Removing all licensing requirements for firearms is obviously a strong step. And another move that cannot be achieved unilaterally by the Governor’s office. This will require a ballot initiative put up to the voters of Florida, as it would be a matter dealt with in the Florida Constitution. There would also be layers of legislation repeal that need to be dealt with. This one task, this one issue itself needs a strong organization spearheading the campaign for change, and cannot be achieved by one politician alone. Which, again, brings up more questions related to Wiseman’s understanding of the office he seeks and the rest of the State of Florida’s governance than it does to inspire support for him.

When it comes to strengthening punishment for gun related crimes, it makes me wonder about his understanding of libertarian philosophy once again. Currently in Florida we have the “10-20-Life” law. For me and my libertarian sensibilities, this is already too strong. This affords judges no room for discretion, and acts as any other mandatory minimum sentencing, being more destructive to those who may deserve some level of discretion than it does to those who are remorseless repeat offenders. So what, exactly, does strengthening the punishment mean? Stricter sentencing requirements? Is there any way to do this that isn’t a growth of government? How does this belong in the platform of a Libertarian candidate?

The State Budget
1. Place a hiring freeze (as of election day) on all state employees except public safety.
2. Have all departments cut 10% out of their budget.
3. Switch from “spend all” to “save and reward” budgeting.

This section seems on its face to align with what a Libertarian candidate should be offering. But it ends with more exposure of his lack of familiarity with what he’s trying to do. “Switch from ‘spend all’ to ‘save and reward’ budgeting.” It’s called “Zero-Based Budgeting” and it’s okay to call it that, because people who know what they’re talking about understand it. Does he know what he’s talking about, or does he assume we won’t? Again, more questions, no answers.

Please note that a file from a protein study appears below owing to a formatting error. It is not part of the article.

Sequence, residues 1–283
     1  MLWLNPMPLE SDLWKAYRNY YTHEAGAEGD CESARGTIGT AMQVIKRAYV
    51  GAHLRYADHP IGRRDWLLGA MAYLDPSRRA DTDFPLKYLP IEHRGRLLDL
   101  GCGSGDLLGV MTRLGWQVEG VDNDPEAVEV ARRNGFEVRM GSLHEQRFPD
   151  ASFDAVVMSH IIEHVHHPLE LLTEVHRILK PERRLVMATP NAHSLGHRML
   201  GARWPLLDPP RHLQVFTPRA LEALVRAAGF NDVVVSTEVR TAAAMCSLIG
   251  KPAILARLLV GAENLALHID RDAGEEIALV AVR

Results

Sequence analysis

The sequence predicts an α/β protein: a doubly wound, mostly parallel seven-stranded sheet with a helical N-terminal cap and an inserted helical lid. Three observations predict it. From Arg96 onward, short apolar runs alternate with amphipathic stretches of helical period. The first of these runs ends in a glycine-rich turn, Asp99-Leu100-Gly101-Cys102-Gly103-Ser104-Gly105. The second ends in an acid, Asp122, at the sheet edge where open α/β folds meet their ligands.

Finally, he closes with just a statement to “End the War on Drugs“. I very much agree with the need to do just that. How does he think he’s going to accomplish that as Governor? What is he going to do within the power of the office to End the War on Drugs? Again, there are many layers of legislation that need to be repealed here, and you’re going to need buy-in from the Florida Legislature, and most of all the voters. With the platform ending there, we get no explanation, and no attempt to get that buy-in. So how are you going to do it? Oh, who cares at this point.

Between poorly plagiarizing the previous LPF candidate and having little grasp on libertarian philosophy on his own, what we have here is a poorly assembled hodgepodge of stolen ideas and leftovers of his time spent as a Republican. This mess ends up holding ideas that will repel as quickly as it attracts voters from the two major parties. For every Democrat that is drawn in by his superficial environmentalism, they will run away at his stance on guns. For every Republican drawn in by his stance on guns, they’ll be sent away by the vague statement of ending the War on Drugs. It leaves this libertarian wondering when the party is going to stop latching onto the flotsam and jetsam of the Republican and Democrat parties. The LP is so desperate for candidates that they will accept and support anyone who comes in wanting to run for any office, no matter how woefully unqualified they are or how little they know about the office they seek. One of many reasons why I still hold on to libertarianism philosophically, but have changed my party affiliation from the LP to No Party Affiliation, is because no party is offering quality candidates anymore.

 

 

 

Greg Bowen is a political activist and an OG member of the 1787 Network. He is also the voice of the Muddied Waters of Freedom, and is lucky enough to consider Matt a brother from another mother.